Friday, April 17, 2015

About Taoist Cults (传承启教)

Not only many foreigners are confused with Taoist religious cults, even the Chinese themselves are unclear about what Taoist cults are about. Many people just walked into a temple and thought it is a pure Taoist temple. Little had they aware that many temples in Southeast Asia has nothing to do with any of the Taoist cults as these temples are only run by mediums or otherwise known as “tangki” (童乩).

There are many Taoist cults around and it does not mean when one goes to a Taoist temple in mainland China and become a Taoist that he/she has learnt everything about Taoist magic. What one can learn now a day in a Taoist temple is perhaps ceremonial rituals with a fee of course.

Naturally, Taoist ceremonial rituals are only meant for the worship of standard Taoist deities, the constellations, the mother earth and ceremony of the death. There is no magic element in traditional Taoist practices sorry to say so and this can be a little boring and the more advance Taoist practice would be meditation and breathing exercises.

Perhaps if one ventures away from standard Taoist religion and enters into the realm of folk religions, then can one learnt about various magical rituals. There are many folk religions still prevalent in mainland China but each of these religious sects is set up with its own aims.

For example, lower Mao Shan sect (茅山) deals mainly with ghost magic, if you do not like to deal with ghosts; then you should not touch this magical system. Lupan (鲁班) cult is meant mainly for the artisans (工匠) and half of the teachings is on how to build a house and only half that are relevant to magic rituals. Likewise the Mei Shan (梅山) cult is mainly meant for hunting and gaming purpose. While the Raft cult (排教) that is getting extinct mainly deals with transporting of timber logs through rivers.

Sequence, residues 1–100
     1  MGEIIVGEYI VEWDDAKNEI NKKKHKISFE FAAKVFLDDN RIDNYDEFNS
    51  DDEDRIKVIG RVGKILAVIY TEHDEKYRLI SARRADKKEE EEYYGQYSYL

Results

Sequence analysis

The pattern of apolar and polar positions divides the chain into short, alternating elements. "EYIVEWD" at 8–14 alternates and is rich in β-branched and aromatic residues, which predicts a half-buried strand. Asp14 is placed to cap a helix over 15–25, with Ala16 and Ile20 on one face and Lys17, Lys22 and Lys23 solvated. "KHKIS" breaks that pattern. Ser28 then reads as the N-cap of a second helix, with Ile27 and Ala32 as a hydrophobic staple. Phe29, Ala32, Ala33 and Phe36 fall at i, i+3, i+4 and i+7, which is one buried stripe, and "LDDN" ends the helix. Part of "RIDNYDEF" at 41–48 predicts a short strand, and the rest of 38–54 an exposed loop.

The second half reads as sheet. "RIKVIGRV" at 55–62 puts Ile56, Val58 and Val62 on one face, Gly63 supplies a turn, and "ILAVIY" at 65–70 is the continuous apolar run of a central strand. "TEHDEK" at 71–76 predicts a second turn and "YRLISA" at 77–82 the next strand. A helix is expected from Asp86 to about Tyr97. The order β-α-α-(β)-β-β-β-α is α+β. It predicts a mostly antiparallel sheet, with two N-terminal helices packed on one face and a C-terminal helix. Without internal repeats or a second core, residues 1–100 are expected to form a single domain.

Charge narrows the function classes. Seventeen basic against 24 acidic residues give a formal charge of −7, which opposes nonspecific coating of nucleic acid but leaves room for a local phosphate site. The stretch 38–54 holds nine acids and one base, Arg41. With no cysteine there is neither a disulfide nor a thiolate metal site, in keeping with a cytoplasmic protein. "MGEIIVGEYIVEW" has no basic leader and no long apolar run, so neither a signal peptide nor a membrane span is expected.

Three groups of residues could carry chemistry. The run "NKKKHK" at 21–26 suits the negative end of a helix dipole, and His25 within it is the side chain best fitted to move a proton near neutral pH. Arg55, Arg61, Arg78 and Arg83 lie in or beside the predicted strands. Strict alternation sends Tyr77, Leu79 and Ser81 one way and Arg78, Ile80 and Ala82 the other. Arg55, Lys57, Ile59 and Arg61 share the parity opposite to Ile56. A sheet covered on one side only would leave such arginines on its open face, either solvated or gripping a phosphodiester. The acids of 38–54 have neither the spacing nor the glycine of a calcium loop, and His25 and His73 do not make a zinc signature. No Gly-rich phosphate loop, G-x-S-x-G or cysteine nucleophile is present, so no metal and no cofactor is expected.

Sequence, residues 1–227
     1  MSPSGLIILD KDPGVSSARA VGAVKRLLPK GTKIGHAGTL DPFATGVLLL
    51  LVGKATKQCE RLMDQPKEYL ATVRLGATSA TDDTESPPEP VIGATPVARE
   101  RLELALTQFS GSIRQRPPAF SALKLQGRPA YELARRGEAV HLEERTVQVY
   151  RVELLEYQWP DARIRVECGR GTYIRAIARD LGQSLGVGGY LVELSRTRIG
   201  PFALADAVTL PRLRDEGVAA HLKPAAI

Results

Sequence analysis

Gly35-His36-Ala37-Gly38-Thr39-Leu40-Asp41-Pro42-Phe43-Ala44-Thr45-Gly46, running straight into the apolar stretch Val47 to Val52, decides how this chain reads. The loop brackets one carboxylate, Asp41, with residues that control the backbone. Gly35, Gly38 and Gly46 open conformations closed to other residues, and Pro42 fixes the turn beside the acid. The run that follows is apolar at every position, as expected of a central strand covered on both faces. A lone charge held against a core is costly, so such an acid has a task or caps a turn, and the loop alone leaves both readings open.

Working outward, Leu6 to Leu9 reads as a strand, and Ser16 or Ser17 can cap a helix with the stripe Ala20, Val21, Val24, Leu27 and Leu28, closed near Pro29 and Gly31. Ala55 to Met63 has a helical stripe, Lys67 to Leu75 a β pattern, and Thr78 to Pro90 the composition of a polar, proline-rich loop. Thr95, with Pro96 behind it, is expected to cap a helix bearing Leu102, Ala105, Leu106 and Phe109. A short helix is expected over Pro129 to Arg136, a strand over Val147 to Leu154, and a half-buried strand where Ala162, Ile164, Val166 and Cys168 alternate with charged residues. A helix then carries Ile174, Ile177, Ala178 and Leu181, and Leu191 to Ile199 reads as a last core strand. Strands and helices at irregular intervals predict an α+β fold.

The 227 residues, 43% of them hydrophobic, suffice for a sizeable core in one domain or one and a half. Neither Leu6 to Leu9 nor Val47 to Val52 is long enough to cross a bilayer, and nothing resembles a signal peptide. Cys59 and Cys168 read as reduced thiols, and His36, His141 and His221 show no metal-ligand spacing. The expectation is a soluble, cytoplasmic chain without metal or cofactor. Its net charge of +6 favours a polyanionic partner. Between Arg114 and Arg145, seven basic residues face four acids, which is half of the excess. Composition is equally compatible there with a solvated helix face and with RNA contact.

Other more popular Taoist cults that have spread overseas are the Liu Ren (六壬), Jin Ying (金英), Yin Shan (阴山) and Lu Shan (闾山). Also over the years some of the cults have merged and forms new cults under different names. This trend is especially obvious in Taiwan as many variants of the above Taoists emerged under different names and according to different regions.

Now that it is a little clear of what a standard Taoist practice and a Taoist cult looks like, perhaps it is clear at this point what your part of Taoism belongs to; or it is still as clear as mud still?

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